Monday, March 5, 2007

Reformission #4a: "Elvis and Eden," evaluating culture, part 1

It has been hard to post daily so I’m going to try something new to have more, smaller posts. As I go through The Radical Reformission by Mark Driscoll, I’m going to spend a few posts on each chapter, instead of trying to summarize one chapter per post. It may be too drawn out, but it will be more manageable to do it regularly. I’m just not getting it done otherwise. So here goes…

Chapter 4 in Radical Reformission deals with culture and he begins with the Fall from Genesis 3. Driscoll states, “People create culture because God made them to fill, work, and keep the earth. But because of sin, the innate desire God has placed within us to create culture has become bent and crooked” (p. 93). I think that’s why I liked the movie Crash. Lots of pain and sin and evil – people are a mess, but these same people are capable of good and beauty, like each of us who make up culture.

Since culture is made up of people who are created in God’s image and yet fallen, it is something we need to evaluate. This section will deal with “how to evaluate culture: thoughts, values, and experiences”…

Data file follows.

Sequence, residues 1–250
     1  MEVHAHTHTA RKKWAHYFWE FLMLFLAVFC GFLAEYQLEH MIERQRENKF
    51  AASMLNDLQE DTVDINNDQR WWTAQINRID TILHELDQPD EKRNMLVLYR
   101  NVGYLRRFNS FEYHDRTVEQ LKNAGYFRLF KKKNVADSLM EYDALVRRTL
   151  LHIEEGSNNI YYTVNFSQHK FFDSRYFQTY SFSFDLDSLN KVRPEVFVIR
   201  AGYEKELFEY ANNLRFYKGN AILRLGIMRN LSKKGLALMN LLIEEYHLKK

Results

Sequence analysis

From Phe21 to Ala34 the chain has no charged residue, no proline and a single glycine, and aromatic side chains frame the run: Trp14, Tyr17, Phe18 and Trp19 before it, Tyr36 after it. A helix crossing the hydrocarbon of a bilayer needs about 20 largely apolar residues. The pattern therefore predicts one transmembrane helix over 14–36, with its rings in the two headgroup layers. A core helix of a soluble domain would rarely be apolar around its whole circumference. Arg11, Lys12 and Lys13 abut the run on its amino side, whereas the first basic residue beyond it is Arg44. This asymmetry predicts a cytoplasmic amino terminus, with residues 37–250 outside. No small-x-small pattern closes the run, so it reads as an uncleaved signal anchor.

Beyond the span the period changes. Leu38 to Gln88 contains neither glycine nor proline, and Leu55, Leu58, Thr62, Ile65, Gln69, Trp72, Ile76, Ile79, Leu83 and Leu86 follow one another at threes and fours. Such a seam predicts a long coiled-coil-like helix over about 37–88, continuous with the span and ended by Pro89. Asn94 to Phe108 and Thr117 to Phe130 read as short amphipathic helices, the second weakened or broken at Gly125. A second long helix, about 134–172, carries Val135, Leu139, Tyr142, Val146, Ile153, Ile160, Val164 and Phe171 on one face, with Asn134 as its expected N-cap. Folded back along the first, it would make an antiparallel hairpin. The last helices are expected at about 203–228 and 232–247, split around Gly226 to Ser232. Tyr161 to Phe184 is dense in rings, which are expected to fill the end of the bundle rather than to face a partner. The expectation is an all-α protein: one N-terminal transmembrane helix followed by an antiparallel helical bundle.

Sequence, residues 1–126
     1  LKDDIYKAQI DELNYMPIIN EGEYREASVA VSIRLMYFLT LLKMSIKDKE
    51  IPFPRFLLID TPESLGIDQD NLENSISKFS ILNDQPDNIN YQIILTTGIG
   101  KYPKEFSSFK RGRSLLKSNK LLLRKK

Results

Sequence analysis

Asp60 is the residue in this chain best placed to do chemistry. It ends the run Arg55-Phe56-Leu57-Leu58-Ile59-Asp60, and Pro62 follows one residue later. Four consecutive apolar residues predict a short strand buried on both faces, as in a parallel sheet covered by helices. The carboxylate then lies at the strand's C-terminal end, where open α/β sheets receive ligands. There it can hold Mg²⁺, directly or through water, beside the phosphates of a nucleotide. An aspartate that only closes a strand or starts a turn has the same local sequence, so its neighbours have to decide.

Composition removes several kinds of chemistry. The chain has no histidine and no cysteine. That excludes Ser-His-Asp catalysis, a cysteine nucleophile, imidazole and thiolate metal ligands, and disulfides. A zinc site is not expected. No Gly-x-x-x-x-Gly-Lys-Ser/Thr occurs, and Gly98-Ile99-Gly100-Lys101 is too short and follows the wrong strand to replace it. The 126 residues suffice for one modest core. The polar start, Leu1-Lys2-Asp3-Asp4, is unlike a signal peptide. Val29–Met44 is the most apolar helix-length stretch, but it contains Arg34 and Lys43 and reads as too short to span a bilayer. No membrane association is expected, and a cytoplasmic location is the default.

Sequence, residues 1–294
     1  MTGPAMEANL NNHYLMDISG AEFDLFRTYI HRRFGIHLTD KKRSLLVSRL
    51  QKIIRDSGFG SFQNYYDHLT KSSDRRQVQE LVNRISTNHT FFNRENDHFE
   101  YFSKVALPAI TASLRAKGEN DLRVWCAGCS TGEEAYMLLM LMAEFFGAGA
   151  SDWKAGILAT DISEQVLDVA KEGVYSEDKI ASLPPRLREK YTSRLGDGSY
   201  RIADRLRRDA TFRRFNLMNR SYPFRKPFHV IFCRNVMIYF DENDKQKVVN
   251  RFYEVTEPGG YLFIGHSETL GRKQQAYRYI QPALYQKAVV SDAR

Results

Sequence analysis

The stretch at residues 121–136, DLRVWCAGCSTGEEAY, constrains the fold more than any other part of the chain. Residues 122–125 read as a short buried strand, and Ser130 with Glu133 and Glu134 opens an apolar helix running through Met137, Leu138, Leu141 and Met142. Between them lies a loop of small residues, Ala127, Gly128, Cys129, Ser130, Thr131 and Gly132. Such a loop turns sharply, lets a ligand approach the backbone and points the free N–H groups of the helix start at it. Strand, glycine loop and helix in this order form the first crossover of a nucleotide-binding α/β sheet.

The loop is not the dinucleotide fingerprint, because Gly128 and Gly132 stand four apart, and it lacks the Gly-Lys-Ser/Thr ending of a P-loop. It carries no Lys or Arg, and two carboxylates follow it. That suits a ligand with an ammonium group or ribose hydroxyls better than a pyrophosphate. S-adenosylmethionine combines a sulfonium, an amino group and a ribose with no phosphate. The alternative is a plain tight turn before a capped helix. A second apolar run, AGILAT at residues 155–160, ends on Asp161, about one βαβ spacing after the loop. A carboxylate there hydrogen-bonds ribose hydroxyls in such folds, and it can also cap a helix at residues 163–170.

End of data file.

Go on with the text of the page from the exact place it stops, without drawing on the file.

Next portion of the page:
Much of what people do in culture is based on three things: thoughts, values, and experiences. Driscoll calls them “tribes.” Thoughts theoretically determine why we do things, thinking it is based upon a cognitive cause and effect. While it is a factor, Driscoll insists most people live contradictions – like when I cut out sugar to lose weight, but eat bags of chips and take multiple trips to various fast food joints.

Next is values, which are “widely assumed, but rarely articulated or defended” (p. 95). People can value independence or family or religious tradition. Driscoll says the way to uncover these values is to see what people spend their time, passion, and money on. The only trick here is that people can confuse ideals for values. Ideals are what you wish you did, values are what you do. Christians ideally read their Bible, but that doesn’t mean it is valued.

Finally, experiences shape people within culture. These experiences can be chosen, or thrust upon people. When we live closely within our culture and get clarity on these areas, we can see the obstacles and opportunities for the gospel.

“What are the dominant thoughts, values, and life experiences that have shaped you and your church? What are the similarities between your thoughts, values, and experiences and those of the average lost person in your culture?”

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